Broadband is often called high-speed Internet, because it usually has a high rate of data. In practice, the advertised bandwidth is not always reliably available to the customer; ISPs often allow a greater number of subscribers than their backbone connection can handle, under the assumption that most users will not be using their full connection capacity very frequently. This aggregation strategy works more often than not, so users can typically burst to their full bandwidth most of the time; however, peer-to-peer file sharing systems, often requiring extended durations of high bandwidth, stress these assumptions, and can cause major problems for ISPs who have excessively overbooked their capacity. For more on this topic, see network traffic engineering .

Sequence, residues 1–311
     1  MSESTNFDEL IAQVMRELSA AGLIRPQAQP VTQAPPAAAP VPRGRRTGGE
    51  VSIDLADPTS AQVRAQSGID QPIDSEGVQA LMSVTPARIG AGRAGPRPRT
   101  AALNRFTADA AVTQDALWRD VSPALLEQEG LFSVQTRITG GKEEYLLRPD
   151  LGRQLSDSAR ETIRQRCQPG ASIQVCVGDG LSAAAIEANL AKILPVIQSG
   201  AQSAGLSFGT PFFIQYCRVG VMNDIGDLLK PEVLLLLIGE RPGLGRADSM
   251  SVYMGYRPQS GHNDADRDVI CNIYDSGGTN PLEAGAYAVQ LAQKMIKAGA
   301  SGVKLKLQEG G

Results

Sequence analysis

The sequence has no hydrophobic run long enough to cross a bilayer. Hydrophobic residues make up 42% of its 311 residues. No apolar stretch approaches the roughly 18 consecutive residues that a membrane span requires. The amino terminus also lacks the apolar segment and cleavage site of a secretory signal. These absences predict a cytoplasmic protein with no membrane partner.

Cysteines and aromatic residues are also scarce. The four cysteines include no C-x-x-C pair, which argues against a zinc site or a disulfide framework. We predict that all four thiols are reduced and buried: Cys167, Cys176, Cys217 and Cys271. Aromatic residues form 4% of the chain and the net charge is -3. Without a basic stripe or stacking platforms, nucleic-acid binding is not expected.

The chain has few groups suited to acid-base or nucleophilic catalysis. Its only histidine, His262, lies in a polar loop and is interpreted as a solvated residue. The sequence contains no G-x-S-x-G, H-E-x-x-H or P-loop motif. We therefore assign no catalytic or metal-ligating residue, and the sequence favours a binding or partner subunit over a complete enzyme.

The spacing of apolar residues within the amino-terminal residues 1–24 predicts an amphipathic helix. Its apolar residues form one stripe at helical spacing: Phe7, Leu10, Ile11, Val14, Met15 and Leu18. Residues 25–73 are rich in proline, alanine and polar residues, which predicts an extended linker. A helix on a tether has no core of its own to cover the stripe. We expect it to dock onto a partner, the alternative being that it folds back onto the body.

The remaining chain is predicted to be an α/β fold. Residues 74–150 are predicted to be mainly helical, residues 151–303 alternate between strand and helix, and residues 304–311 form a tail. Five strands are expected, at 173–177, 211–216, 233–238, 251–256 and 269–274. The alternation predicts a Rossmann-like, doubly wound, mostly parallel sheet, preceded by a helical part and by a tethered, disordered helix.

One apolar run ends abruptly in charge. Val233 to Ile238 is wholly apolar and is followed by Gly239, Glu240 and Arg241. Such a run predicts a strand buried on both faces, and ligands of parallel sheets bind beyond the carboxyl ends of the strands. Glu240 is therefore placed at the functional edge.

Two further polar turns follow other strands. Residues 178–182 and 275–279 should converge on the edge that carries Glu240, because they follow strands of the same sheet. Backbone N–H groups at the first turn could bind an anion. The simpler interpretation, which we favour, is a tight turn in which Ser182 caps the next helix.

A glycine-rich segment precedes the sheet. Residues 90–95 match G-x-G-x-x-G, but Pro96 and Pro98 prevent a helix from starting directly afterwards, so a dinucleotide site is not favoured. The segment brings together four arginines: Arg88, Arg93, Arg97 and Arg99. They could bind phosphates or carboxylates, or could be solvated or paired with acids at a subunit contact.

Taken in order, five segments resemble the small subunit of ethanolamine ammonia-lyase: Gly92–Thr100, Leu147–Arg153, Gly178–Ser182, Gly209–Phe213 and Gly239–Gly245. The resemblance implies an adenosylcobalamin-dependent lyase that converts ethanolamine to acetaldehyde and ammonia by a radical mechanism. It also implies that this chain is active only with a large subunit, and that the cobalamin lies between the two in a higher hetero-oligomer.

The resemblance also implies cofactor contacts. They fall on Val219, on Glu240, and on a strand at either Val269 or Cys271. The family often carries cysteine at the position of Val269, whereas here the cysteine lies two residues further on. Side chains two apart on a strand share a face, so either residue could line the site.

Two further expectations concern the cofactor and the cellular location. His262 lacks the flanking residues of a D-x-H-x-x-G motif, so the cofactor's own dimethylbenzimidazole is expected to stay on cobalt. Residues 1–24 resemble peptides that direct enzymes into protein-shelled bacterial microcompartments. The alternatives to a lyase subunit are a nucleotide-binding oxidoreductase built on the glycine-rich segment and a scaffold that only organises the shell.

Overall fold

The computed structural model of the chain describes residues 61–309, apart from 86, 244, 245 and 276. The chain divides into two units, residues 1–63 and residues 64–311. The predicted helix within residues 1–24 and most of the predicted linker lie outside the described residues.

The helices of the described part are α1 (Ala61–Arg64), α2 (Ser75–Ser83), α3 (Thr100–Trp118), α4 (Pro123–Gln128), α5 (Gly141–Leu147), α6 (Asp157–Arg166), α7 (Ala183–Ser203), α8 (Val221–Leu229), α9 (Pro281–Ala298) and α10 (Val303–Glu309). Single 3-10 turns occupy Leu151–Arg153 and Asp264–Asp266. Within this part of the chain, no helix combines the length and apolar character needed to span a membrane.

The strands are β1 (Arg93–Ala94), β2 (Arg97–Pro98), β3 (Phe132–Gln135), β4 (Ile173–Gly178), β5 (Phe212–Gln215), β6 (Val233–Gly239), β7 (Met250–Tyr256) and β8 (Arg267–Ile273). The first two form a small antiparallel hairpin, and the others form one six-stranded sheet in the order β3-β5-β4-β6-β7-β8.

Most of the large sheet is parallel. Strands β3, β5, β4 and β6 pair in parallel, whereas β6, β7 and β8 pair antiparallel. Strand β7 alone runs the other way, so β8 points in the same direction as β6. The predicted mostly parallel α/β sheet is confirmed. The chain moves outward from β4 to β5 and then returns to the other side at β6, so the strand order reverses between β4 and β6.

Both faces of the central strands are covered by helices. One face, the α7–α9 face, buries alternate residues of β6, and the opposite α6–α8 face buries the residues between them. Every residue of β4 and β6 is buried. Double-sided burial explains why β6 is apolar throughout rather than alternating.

As takeup for this introductory products increases, telcos are starting to offer higher bit rate services. For existing connections, this most of the time simply involves reconfiguring the existing equipment at each end of the connection.
Newer technologies for twisted pair phone lines such as VDSL and pushing fiber optic connections closer to the subscriber in both telephone and cable plants are opening up the possibility of higher performance for streaming data, such as audio and video streams. There are now many streaming audio services, and several streaming video services. Broadband Internet access also facilitates the use of file sharing software.
In a few of the many areas not served by cable or ADSL, community organizations have begun to install Wi-Fi networks.